On Aug. 8, 2016, Robert Jester, a retired high school biology teacher in Greenport, N.Y., who was moonlighting as a chimney sweeper — both to support his family and to enjoy the magnificent views — drove to a nearby neighborhood for a quick job. The ladder he took was too short, but it seemed like a simple sweep, so he decided to go ahead with the work anyway. He climbed to the top, the ladder slipped — and he fell to the hard ground below. The pain in his back was so intense that he couldn’t make out the rescue workers bending over him; he could see only white light.
A broken spinal cord means he can’t walk today, and his legs constantly feel as if they’re submerged in boiling water; frequently, they also feel as though knives are stabbing them up and down their length. He fractured his molars from clenching down during these episodes. The first year after his accident, the pain was so unbearable that he almost enacted his step-by-step suicide plan a dozen times. Opioids softened the agony, but they also changed his mood. He stopped telling jokes. And if he no longer had his sense of humor, he thought, what was the point of living?
Before the accident, Jester got his students so excited about biology that they wanted to work on their science projects long after school, frustrating the custodians who were trying to clean his classroom in the evening. During fire drills, his students would form a conga line, chanting, “D-N-A deoxyribonucleic acid.” He also volunteered as a tutor to kids in town. One of them had a father named Bob McInnis, whom Jester met while cleaning the family’s chimney.
McInnis happened to have seen an internet video about a company in Los Angeles called AppliedVR. At the time, in the spring of 2017, AppliedVR was focused on treating anxiety and acute pain in those who had to undergo hospital procedures, especially children. McInnis went to the company’s website and filled out a general contact form with information about Jester’s situation. “Is there anything that your device might be able to do to help him?” he typed. “Just thought I’d throw it out, given how much pain he’s in.” He didn’t expect to hear back. Three hours later, an email from Josh Sackman, one of the company’s founders, arrived in McInnis’s inbox. A headset soon appeared in Jester’s mail.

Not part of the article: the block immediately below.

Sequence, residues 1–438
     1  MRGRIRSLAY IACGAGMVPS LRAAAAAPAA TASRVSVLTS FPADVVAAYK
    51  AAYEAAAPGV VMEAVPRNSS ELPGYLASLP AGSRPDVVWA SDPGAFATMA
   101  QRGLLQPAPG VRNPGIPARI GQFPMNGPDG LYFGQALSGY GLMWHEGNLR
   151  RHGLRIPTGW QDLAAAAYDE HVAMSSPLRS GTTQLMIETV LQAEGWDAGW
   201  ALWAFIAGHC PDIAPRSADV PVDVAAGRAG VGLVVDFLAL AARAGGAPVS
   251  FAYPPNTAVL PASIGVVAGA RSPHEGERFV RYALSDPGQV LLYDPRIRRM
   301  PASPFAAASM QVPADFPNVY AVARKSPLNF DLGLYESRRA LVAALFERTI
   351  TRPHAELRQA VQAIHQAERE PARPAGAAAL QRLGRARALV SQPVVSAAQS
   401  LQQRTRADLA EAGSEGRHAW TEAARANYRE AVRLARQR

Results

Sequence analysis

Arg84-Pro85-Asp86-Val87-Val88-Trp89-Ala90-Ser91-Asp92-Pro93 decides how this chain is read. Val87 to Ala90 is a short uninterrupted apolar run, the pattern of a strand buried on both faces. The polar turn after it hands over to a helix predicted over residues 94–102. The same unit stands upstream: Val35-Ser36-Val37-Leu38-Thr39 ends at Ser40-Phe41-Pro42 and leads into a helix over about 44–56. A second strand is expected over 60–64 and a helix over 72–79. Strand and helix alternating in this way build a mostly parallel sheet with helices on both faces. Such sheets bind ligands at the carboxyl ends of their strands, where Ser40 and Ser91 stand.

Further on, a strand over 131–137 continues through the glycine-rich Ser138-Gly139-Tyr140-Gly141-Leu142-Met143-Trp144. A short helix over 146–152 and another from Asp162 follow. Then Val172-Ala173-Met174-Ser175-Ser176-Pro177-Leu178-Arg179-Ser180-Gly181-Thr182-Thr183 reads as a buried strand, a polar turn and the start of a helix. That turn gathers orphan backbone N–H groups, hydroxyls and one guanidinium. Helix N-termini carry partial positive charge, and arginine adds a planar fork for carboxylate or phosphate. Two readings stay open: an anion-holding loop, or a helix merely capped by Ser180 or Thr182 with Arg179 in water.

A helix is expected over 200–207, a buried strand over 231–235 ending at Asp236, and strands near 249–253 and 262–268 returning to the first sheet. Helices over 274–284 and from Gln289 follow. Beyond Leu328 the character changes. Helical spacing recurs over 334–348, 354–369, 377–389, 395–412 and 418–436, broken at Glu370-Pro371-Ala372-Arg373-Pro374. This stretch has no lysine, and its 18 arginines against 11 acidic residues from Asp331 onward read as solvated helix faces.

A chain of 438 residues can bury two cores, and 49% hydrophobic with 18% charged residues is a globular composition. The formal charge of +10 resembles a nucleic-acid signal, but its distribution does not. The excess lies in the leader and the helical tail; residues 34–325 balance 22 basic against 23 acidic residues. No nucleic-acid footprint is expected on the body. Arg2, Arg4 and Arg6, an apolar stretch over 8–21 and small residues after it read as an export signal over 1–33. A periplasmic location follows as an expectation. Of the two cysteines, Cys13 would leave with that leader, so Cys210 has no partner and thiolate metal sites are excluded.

Sitting in a plush brown recliner, his beef stroganoff dinner on a tray before him, Jester tried V.R. for the first time. He got so caught up viewing a farm scene that he tried to shoo away a cow that came over to lick him — and knocked the noodles all over his living-room wall. He was hooked. Next, he flew with the Wright brothers, controlling the plane by looking in different directions. (AppliedVR has stopped using this module.) Jester realized that he was so focused on keeping the plane upright that he was no longer dwelling on his pain anymore. He wondered if he could use V.R. to distract himself and reduce his reliance on OxyContin and other pain medications — and eventually stop altogether.
He started charting his opioid use in a little blue notebook, while continuing daily V.R. sessions. After two months, he was off narcotic painkillers. Now, Jester told me recently, “I use the training right away when the pain comes on.” He squeezed his eyes closed and breathed in deeply. “I can refocus myself for a minute,” he said, imagining one of the special V.R. plants whose bare branches become full of leaves when his breathing is slow and steady, as detected by a sensor on the headset.
When Sackman and his co-founder, Matthew Stoudt, heard about Jester’s success with V.R. and opioid tapering, they redesigned their product: EaseVRx — renamed RelieVRx in February — would provide therapy for chronic pain. Beth Darnall, a psychologist and director of Stanford’s Pain Relief Innovations Lab, is the company’s chief science adviser. She describes the breath-fed tree as a way for visual elements to “reflect back to the user the changes that are occurring in their own physiology.” She adds, “It’s a powerful way to teach principles and concepts that extend well beyond what we do in traditional didactic cognitive behavioral therapy.” The sort of biometric data that Spiegel and Liran captured with their graphs are here distilled into an aesthetically appealing format that delivers immediate, actionable feedback without interrupting a patient’s immersion in virtual reality.
Because Jester left his headset at the facility where he did physical therapy, he was unable to use it for more than a year during the pandemic. But he discovered that he had retained the lessons he learned in V.R. This is the kind of lasting, real-world effect that V.R. experts see as their ultimate goal. After all, as Hoffman, the University of Washington professor, points out, “We can definitely reduce your pain while you’re in the helmet, but you can’t stay in there all day.”